Function and Mechanisms of APOBEC3 in Genome Integrity and Cancer Biology

Shan Yan, Department of Biological Sciences, University of North Carolina at Charlotte, 9201 University City Boulevard, Charlotte NC 28223

The genome of cells is exposed to damage regularly from endogenous resources such as oxidative stress or environmental toxins, leading to DNA lesions. Cells have evolved several stress response pathways such as DNA repair and DNA damage response pathways to maintain genome integrity. Defects in DNA repair and DDR pathways have been linked to human diseases including cancer. The APOBEC3 family of cytosine deaminases can turn cytosine bases into uracil bases, leading in C to T transitions/mutations and DNA strand breaks. Increased APOBEC3 expression and enzymatic activities in certain types of cancer cells are consistent with detected mutational signatures, suggesting APOBEC3 is involved in cancer etiology or oncogenesis. This review will examine the diversity of functional domains in seven APOBEC3 genes (A3A-A3G) and the evolution of APOBEC 3 genes in mammals and their survival advantages. Whereas APOBEC3 proteins are antiviral factors that are developed to protect humans and mammals from viruses, we will focus on how DNA lesions induced by APOBEC3 are repaired and their effects on genome stability. We intend to provide evidence and analysis of how APOBEC3 may contribute to cancer development and other diseases such as HPV, HIV, and cancer. Insights from this review can help researchers develop drugs that can restrict or modulate APOBEC proteins and/or associated cytosine deaminase activity for new avenues to cancer therapeutics.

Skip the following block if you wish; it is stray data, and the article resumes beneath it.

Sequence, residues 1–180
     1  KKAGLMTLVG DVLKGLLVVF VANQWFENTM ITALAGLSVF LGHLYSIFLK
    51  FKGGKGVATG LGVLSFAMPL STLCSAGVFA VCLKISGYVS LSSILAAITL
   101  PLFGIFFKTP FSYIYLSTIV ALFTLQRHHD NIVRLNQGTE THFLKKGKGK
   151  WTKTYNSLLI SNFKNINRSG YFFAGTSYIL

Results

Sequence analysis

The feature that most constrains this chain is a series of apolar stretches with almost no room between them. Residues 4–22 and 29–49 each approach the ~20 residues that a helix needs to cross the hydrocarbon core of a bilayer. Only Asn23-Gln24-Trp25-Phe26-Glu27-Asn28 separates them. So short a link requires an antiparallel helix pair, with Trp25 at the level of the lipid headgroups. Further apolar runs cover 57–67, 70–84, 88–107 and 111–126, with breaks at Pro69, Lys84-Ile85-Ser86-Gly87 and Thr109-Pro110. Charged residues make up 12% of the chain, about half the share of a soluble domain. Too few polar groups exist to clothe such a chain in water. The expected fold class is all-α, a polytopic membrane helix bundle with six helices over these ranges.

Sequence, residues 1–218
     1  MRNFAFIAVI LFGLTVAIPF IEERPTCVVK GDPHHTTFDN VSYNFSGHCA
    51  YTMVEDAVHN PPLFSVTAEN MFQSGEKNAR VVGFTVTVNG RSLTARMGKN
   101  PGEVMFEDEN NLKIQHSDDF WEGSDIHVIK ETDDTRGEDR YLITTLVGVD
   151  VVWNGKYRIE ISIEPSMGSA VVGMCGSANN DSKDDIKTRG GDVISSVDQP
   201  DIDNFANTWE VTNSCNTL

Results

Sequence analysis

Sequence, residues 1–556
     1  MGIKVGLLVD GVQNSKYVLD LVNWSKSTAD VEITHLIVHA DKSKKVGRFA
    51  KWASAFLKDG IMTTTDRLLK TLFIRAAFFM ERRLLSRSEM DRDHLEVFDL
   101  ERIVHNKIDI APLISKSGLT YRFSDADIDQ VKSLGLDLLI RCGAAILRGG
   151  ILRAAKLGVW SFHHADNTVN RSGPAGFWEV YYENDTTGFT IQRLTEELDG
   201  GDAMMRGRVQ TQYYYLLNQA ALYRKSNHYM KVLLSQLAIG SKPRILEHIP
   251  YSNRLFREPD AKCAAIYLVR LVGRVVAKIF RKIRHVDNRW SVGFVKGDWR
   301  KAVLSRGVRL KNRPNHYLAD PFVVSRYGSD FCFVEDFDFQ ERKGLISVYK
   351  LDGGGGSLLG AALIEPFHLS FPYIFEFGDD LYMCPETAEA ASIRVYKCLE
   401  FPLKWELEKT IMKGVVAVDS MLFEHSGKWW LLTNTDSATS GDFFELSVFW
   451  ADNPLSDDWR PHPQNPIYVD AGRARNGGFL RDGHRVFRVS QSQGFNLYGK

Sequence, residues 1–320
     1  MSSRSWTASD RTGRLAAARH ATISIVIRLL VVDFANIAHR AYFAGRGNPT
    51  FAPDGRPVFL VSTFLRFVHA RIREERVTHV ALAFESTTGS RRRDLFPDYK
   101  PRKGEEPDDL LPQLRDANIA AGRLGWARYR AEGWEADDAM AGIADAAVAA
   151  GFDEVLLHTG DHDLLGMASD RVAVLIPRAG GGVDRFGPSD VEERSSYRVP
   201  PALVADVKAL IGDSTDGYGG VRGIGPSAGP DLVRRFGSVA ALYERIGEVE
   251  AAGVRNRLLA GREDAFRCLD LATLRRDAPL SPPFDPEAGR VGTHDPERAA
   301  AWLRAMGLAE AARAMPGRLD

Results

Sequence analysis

Additional Abstract Information

Presenter: Brianna Bush

Institution: University of North Carolina at Charlotte

Type: Poster

Subject: Biology

Status: Approved

Time and Location

Session: Poster 2
Date/Time: Mon 3:00pm-4:00pm
Session Number: 2636